You’ve wanted to start your own photography business for a while. What better time to take the leap than at the beginning of a new year! Here we guide you through key steps to get your photography business started on the right path.
Congratulations! You’re in for an exciting and rewarding journey. However, being a talented, passionate photographer isn’t enough for a successful photography business. In fact, only 10% of the time you spend on your business will consist of shooting.
So, how will you spend the rest of your time? As you perfect your photography, you also need to learn how to run a profitable business. This post will summarize seven steps to making your exciting new endeavor a success.
For more in-depth tips on creating a successful, profitable business, please read our complete guide to starting a photography business here.
Most photographers focus on a specific niche or subset of photography. You might think selecting a niche means missing out on more business, but that’s not the case.
Having a niche allows you to develop expertise. It also helps you become known for that niche within the target market. People are looking for a specific service and an expert in that area.
A few examples of photography niches include:
As you decide on your niche, consider timing, the role and subjects you’re most comfortable with, and seasonality. For example, family photographers are usually very busy at the end of the year and may struggle to find work for the first few months of the year. On the other hand, if you choose a feast-or-famine niche, consider adding another area to supplement your income during the slow months.
Your unique selling proposition (USP) is what makes you unique. It establishes what you offer to clients and differentiates you from others. So why should people hire you instead of the competition?
If you find that your market is saturated with similar photographers, you may want to reevaluate your market and niche. Then, fine-tune your USP to stand out and succeed. On the other hand, if you live in an area where competition is more significant, you may need to spend more time and money to market your business effectively.
When you name your business, choose a self-explanatory name that allows consumers to understand your brand and services quickly. Then, search online for businesses with the same name and conduct a trademark search to ensure the name is own-able.
Your brand is the face of your company. It’s a vital aspect of your business, so don’t take this step lightly!
Developing your photography business brand requires a logo and a biography. Work with an experienced designer to create a beautiful, lasting logo that conveys an excellent impression of your business. The bio is a must for websites and other marketing channels. It gives potential customers insight into who you are before hiring you. If you aren’t comfortable writing your own, make a list of critical points and hire a writer to craft your bio.
It would be best to establish a basic workflow for your business before launching. Doing so would allow you to get organized to manage your work more efficiently.
Consider how many hours you’ll work each week/month and when you’re available for client work. Set aside regular times for specific tasks, like shoot days, editing days, marketing, and administrative tasks.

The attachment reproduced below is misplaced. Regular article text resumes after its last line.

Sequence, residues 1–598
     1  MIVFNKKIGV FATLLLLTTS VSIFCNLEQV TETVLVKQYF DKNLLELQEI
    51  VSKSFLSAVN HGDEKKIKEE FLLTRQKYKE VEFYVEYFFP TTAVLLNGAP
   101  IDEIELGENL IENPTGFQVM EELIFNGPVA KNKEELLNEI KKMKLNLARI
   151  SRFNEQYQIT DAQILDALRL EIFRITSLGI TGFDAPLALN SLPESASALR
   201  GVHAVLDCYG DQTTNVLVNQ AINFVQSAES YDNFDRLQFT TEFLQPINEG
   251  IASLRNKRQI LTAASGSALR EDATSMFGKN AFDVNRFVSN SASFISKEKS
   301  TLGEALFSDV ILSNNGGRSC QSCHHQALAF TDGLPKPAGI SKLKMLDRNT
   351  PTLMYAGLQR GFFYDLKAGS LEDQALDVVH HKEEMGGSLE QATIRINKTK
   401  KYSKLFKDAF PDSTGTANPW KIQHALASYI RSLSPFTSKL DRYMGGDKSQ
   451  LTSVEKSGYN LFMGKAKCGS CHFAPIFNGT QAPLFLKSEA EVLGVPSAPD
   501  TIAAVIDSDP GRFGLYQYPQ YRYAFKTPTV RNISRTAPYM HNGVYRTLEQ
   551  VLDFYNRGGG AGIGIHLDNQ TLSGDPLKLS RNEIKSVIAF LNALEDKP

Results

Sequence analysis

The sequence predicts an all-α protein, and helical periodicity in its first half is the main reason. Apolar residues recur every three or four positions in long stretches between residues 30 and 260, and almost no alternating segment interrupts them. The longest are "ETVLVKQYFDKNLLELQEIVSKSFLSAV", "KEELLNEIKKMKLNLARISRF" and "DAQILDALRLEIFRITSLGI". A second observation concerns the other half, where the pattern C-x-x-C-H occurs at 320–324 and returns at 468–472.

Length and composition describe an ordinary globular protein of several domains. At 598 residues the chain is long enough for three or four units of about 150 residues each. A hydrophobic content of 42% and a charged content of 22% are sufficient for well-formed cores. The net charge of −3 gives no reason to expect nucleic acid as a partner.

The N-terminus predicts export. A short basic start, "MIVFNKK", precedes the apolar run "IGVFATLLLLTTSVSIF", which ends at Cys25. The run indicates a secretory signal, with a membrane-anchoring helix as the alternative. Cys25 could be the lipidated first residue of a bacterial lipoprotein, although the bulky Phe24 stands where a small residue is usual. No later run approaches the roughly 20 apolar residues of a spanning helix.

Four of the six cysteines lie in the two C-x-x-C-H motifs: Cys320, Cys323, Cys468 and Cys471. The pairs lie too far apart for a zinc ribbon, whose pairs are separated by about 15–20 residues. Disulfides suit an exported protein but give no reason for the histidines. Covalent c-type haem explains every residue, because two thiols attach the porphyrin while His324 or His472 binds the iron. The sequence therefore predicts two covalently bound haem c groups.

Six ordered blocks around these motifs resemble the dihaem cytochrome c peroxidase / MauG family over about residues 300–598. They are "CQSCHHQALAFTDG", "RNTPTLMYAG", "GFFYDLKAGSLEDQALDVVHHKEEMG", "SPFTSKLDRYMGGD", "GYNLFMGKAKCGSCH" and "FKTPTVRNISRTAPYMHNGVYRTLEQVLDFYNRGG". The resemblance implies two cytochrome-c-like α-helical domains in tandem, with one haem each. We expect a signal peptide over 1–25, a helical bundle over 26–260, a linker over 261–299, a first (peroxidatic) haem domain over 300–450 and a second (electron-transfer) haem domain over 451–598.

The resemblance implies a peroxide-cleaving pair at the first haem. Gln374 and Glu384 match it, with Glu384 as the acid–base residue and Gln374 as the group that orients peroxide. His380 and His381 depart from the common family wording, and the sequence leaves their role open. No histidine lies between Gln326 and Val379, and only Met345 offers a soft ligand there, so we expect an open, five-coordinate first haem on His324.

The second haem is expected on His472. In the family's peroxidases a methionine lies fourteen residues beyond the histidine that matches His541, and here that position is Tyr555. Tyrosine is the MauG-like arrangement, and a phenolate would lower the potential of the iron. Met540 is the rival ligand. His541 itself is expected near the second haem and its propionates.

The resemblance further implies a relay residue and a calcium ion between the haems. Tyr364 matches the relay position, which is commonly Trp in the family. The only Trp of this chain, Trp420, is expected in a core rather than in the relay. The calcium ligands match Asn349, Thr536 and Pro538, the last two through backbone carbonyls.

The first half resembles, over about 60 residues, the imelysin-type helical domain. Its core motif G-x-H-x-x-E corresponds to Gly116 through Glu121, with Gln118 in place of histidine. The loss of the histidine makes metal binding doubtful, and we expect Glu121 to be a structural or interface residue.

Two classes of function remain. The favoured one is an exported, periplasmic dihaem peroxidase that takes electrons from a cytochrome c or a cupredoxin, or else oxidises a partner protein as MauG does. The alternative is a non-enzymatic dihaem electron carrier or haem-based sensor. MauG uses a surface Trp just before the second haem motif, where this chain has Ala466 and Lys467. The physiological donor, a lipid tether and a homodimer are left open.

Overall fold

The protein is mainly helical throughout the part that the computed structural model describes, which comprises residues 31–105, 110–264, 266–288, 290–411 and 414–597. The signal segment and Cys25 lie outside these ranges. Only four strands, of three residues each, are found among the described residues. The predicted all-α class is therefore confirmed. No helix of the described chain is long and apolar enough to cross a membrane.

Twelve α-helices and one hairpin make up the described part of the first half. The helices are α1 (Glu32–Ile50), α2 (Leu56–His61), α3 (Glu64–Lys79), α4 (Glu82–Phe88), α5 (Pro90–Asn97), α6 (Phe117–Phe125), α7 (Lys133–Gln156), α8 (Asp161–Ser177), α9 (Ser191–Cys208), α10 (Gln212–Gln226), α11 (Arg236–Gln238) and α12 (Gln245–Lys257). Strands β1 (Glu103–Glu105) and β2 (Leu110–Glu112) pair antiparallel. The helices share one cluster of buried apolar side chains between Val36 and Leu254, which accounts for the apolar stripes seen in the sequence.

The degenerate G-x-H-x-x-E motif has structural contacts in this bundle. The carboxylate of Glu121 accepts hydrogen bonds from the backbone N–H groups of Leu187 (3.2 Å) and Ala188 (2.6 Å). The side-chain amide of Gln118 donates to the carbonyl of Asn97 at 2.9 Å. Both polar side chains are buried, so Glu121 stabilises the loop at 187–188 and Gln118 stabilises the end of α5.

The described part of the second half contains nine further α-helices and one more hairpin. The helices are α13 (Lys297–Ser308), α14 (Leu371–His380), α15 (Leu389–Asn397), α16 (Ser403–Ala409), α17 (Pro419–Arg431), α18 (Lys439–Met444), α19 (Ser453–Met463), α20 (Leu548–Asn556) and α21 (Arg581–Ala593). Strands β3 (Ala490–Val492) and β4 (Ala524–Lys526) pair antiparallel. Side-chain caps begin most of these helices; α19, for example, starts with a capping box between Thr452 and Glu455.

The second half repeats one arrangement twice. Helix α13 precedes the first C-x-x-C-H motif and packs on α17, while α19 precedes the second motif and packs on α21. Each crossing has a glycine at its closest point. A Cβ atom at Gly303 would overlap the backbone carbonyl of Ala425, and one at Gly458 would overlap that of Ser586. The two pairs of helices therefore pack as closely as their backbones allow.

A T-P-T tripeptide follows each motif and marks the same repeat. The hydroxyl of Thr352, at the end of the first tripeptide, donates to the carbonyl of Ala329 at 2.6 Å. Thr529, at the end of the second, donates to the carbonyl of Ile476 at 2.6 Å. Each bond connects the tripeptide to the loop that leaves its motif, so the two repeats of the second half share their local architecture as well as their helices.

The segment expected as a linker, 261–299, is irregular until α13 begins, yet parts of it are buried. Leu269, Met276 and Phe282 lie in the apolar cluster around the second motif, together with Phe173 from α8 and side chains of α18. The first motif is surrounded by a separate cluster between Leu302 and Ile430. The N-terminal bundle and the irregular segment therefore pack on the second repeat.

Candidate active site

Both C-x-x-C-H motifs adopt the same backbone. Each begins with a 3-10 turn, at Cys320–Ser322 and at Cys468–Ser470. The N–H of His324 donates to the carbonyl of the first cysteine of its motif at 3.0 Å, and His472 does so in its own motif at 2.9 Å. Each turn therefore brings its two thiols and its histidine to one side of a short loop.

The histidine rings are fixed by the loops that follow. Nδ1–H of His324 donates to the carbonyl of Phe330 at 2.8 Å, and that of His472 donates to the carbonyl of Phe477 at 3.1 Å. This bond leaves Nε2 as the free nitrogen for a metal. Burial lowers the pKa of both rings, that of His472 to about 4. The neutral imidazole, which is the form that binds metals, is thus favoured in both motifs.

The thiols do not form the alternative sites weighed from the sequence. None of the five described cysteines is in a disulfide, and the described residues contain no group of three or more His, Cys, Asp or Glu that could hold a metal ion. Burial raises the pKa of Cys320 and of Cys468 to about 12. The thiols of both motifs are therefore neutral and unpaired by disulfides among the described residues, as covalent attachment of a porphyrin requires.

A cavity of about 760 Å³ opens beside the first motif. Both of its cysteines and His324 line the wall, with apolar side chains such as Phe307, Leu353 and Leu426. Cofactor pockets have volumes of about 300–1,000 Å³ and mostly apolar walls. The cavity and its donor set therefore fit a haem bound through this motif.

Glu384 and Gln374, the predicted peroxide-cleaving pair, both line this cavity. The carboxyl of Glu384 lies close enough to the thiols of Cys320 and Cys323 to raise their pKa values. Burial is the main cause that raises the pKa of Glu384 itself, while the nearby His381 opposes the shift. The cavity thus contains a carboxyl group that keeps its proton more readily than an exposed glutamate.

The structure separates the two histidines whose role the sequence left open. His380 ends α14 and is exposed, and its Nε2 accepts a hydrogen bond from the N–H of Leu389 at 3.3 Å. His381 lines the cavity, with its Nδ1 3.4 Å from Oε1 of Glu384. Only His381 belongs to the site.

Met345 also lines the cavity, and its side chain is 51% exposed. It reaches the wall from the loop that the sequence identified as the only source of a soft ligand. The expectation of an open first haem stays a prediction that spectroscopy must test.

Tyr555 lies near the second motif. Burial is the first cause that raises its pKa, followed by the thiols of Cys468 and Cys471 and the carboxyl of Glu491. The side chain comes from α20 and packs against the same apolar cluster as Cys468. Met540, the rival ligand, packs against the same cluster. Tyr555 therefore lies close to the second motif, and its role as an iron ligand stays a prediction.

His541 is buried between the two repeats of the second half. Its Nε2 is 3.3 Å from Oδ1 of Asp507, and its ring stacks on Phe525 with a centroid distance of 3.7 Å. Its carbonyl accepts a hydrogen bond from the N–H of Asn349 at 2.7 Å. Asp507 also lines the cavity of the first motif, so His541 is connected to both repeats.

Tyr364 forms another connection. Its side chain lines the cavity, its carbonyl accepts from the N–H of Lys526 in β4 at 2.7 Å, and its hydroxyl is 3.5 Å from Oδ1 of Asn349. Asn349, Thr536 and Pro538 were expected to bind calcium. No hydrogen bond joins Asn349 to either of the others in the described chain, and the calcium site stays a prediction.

Create a cohesive workflow plan and schedule. Outline each step of communication with clients, session work, expected turnaround time, order fulfillment, and follow-ups. It sounds like a lot of work, but it will help you keep track of every detail so your business runs smoothly and your clients are happy.
Before you start building your clientele, create a pricing strategy that allows you to make a profit. Of course, you want to price your services to cover expenses and earn enough income to support yourself, but these aren’t the only considerations.
It would be best to consider how much time you will spend on tasks other than shooting, how long it takes to edit a shoot, and total costs.
Next, determine how you will charge. You can charge hourly or by session, with packages for your clients that include a set number of hours of shooting and a set number of prints/digitals.
As you set your prices, don’t be tempted to undercharge. No one wins if you devalue your services, especially your business. You may encounter clients who don’t want to pay what you’re asking, but you’ll also encounter plenty of clients who are willing to value your services properly. This article includes plenty of tips on handling price objections.
Regular, consistent marketing that hits multiple channels is the key to having a steady stream of clients and a successful business.
You will need:
After your marketing brings clients to you, commit to providing every client with the best experience possible. Every step of the way, strive to exceed expectations. Satisfied clients often become repeat clients and may refer you to others.
Starting any new business is no easy task, but it can lead to fulfilling employment and financial stability. If you love photography, have good business sense, and are ready to work exceptionally hard, then starting a photography business may be just right for you. So keep at it, keep marketing, and keep your clients happy, and you’ll undoubtedly be a success.
Remember, you aren’t alone. The team at Picsello is always here to help. We’ll provide you with the framework to run your business smoothly and efficiently. And we’ll be there to provide expert guidance every step of the way, no matter where you are in your business journey.
For more information on starting your own photography business, check out our complete guide here.